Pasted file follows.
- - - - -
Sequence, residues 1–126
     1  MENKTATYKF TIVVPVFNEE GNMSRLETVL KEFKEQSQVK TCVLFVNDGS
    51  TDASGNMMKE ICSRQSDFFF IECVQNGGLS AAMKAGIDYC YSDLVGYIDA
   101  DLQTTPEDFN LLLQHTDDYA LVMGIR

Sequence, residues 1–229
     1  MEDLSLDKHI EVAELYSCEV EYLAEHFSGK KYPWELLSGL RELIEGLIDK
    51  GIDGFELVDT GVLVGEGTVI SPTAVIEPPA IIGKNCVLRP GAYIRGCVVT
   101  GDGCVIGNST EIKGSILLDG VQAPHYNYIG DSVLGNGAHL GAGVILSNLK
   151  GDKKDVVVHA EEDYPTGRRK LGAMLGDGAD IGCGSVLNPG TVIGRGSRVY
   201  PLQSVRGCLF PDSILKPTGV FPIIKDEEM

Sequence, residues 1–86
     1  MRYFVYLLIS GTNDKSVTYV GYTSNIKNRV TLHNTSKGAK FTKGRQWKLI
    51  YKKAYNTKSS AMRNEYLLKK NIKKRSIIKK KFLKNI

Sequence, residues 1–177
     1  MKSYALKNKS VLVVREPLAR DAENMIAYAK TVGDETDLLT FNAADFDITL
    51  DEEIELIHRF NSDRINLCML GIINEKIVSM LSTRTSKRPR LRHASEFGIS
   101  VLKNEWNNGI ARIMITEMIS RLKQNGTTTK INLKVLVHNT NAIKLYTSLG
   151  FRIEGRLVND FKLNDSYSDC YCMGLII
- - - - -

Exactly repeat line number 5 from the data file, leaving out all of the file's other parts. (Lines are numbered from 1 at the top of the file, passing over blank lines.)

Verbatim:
Sequence, residues 1–229